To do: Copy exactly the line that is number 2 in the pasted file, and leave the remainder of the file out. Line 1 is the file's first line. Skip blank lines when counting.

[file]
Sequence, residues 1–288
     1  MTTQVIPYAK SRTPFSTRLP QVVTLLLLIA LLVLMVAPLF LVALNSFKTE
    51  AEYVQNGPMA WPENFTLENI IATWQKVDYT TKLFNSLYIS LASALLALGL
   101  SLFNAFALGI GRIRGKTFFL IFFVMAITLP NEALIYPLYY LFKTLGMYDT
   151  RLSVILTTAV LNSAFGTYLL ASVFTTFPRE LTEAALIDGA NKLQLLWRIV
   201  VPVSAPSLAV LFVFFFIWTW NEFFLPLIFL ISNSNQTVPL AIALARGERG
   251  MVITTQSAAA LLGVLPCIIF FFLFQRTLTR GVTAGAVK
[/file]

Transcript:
     1  MTTQVIPYAK SRTPFSTRLP QVVTLLLLIA LLVLMVAPLF LVALNSFKTE